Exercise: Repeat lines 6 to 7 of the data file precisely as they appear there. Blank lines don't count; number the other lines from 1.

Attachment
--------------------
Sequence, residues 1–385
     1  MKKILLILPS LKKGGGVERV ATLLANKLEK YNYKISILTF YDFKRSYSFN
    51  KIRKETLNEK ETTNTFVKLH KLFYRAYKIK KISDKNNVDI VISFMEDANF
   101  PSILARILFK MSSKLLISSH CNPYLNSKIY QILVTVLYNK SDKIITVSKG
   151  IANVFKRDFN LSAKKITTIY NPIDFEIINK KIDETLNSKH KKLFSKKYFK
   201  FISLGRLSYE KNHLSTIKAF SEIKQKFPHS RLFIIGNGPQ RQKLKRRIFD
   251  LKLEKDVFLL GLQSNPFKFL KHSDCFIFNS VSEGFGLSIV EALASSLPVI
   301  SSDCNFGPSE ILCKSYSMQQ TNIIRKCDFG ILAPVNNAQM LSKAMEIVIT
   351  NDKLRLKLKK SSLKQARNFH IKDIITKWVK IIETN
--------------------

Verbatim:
   201  FISLGRLSYE KNHLSTIKAF SEIKQKFPHS RLFIIGNGPQ RQKLKRRIFD
   251  LKLEKDVFLL GLQSNPFKFL KHSDCFIFNS VSEGFGLSIV EALASSLPVI